Richard’s Story – The Beginning of Humanist Meditation
Richard became interested in all matters of the mind back in high school with a keen interest in biofeedback as well as the science of how the mind works and what can be done outside of our usual mundane experiences. Among the many books that caught Richard’s attention was a book entitled “The Relaxation Response”, by Herbert Benson. This book, published in 1975, just after Richard graduated from high school, introduced concepts very similar to the current mindfulness meditation techniques known around the world for its effect on the stresses of everyday life. Reading this book began Richard’s journey to meditation and incorporating a new way of looking at the mind and how to use it to improve many aspects of life.
As time progressed, Richard learned more about the brain, keeping up as much as possible with the scientific understanding of the time, and experimenting with basic meditation techniques to help grapple with personal issues and create a sense of calm that was otherwise lacking. This continued with attending seminars, reading books, learning techniques from a prominent psychologist, reading online papers, and sharing concepts and techniques with anyone involved in meditation practices of any kind. All of this introduced Richard to new approaches to meditation that helped him reach deeper depths and more insight into his sense of self and to obtain a much better perspective on life. These experiences also taught Richard that meditation can be more than just a mental exercise, as many people perceive it to be, but can also be fun and instructive. Richard went on to experiment with different meditation techniques, develop some of his own, and learn to view meditation with a passion.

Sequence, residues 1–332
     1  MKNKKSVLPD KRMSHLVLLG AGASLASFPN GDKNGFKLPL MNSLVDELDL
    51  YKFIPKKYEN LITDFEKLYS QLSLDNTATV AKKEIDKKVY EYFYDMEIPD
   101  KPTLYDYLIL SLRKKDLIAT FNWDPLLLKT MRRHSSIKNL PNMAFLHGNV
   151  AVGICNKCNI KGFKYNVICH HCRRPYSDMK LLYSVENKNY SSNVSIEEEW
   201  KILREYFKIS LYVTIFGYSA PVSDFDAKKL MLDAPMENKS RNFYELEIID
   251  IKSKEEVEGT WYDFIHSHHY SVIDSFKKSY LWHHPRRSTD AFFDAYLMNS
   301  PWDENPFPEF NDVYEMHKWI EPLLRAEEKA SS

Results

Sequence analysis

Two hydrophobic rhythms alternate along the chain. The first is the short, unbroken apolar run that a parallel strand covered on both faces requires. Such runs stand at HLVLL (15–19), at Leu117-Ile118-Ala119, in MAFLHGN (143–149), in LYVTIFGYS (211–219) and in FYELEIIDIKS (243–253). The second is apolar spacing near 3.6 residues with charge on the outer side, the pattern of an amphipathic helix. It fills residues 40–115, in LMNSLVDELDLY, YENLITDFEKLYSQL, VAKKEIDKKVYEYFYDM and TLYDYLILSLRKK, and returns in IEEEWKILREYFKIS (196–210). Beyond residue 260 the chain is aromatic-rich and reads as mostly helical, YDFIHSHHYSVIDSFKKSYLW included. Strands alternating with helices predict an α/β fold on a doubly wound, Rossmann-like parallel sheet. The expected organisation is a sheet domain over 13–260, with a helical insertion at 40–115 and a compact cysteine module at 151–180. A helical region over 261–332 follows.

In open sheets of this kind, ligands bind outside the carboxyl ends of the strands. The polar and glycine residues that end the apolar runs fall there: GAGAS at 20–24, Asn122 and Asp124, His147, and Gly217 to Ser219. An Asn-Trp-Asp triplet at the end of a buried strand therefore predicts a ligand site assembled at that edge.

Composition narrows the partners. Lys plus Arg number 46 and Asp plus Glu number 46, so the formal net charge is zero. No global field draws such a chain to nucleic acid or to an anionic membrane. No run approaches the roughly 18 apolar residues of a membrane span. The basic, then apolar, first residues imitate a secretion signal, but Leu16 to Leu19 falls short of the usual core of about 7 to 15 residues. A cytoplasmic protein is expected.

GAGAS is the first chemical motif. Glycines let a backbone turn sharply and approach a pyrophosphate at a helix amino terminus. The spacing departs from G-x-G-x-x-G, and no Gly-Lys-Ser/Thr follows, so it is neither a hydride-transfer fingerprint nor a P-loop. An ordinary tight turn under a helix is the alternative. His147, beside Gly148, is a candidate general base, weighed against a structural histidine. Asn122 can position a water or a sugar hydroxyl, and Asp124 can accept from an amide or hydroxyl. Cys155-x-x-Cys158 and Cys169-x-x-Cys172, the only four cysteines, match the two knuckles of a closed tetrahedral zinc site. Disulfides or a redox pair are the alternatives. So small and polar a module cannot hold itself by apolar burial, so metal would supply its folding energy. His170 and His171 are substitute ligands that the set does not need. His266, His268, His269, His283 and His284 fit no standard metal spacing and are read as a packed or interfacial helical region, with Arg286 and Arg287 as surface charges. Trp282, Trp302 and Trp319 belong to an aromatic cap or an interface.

Richard spent 35 years in electronics engineering during which he developed another passion, teaching and mentoring. Combining these passions is what drives Richard to teach meditation techniques to anyone who is interested. He also found a home with the Humanist Society of Greater Phoenix where he served as President for five years. Being an ardent Humanist himself, it is only natural that his teaching of meditation brings a philosophy of Humanism with it.
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